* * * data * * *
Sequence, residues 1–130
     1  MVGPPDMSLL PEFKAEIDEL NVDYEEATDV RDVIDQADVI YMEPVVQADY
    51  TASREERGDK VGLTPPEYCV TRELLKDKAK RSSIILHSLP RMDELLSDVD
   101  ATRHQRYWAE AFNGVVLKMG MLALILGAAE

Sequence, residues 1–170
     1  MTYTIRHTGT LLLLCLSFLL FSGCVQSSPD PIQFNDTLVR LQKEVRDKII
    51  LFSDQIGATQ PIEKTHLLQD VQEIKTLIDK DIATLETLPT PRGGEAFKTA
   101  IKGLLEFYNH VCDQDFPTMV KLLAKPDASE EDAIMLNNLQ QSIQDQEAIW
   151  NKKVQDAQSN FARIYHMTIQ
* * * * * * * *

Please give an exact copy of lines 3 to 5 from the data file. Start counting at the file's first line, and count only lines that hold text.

    51  TASREERGDK VGLTPPEYCV TRELLKDKAK RSSIILHSLP RMDELLSDVD
   101  ATRHQRYWAE AFNGVVLKMG MLALILGAAE

Sequence, residues 1–170